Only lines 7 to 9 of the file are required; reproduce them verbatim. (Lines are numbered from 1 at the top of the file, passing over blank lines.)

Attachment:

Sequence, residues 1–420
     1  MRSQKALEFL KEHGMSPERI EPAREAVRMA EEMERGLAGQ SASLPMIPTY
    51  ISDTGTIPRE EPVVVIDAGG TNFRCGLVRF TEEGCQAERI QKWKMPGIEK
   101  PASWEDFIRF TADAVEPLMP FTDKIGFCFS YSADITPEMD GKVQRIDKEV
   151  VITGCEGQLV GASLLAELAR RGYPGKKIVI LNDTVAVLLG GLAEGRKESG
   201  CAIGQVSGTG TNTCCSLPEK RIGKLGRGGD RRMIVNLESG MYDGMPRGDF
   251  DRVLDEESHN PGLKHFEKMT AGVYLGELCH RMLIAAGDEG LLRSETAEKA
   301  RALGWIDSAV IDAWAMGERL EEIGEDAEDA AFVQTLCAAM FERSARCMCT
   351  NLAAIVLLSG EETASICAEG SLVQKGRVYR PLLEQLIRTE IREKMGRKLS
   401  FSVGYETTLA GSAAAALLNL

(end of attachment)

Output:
   251  DRVLDEESHN PGLKHFEKMT AGVYLGELCH RMLIAAGDEG LLRSETAEKA
   301  RALGWIDSAV IDAWAMGERL EEIGEDAEDA AFVQTLCAAM FERSARCMCT
   351  NLAAIVLLSG EETASICAEG SLVQKGRVYR PLLEQLIRTE IREKMGRKLS